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Migration, Citizenship, and the European Welfare StateA European Dilemma$
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Carl-Ulrik Schierup, Peo Hansen, and Stephen Castles

Print publication date: 2006

Print ISBN-13: 9780198280521

Published to Oxford Scholarship Online: May 2006

DOI: 10.1093/0198280521.001.0001

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Germany: Immigration and Social Exclusion in a Declining Welfare State

Germany: Immigration and Social Exclusion in a Declining Welfare State

Chapter:
(p.137) six Germany: Immigration and Social Exclusion in a Declining Welfare State
Source:
Migration, Citizenship, and the European Welfare State
Author(s):

Carl-Ulrik Schierup (Contributor Webpage)

Publisher:
Oxford University Press
DOI:10.1093/0198280521.003.0006

Germany has had the largest immigration of any European country: a mixture of ‘return’ of ethnic Germans and systematic recruitment of ‘temporary guestworkers’. The migrants stayed on and formed new ethnic minorities after recruitment was stopped in 1973. Yet the official line until the 1990s was that Germany was ‘not a country of immigration’. The resulting processes of ethnic segmentation and social exclusion coincided with a crisis of Germany’s strong ‘social state’, based on a regulated labour market, comprehensive social insurance, collective wage bargaining, and full employment. Exposure to global competition caused chronic unemployment, undermining the financial basis for the welfare state. The result has been a simultaneous crisis of national identity and the welfare state, with the pluralistic federal system apparently incapable of making the reforms needed to restart the economy and prevent the growth of inequality.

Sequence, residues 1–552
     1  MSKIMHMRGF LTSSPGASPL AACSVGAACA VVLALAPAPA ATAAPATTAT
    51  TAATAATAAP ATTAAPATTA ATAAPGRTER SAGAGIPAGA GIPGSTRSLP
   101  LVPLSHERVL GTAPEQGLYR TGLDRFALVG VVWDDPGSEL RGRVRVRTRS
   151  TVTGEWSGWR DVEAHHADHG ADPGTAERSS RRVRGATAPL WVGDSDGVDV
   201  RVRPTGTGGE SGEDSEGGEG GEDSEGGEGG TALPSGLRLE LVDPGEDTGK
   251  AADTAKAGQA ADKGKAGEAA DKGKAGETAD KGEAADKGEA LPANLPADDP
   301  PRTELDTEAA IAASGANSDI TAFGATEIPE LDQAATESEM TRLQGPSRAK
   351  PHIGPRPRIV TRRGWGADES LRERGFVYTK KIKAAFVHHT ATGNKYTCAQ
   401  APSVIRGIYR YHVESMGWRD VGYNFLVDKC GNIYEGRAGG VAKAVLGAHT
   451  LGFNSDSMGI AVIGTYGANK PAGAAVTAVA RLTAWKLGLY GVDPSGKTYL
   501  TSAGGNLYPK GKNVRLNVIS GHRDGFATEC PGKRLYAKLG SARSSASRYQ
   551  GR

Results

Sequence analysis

Keywords:   ethnic Germans, guestworkers, social exclusion, welfare state, national identity, conservative welfare state

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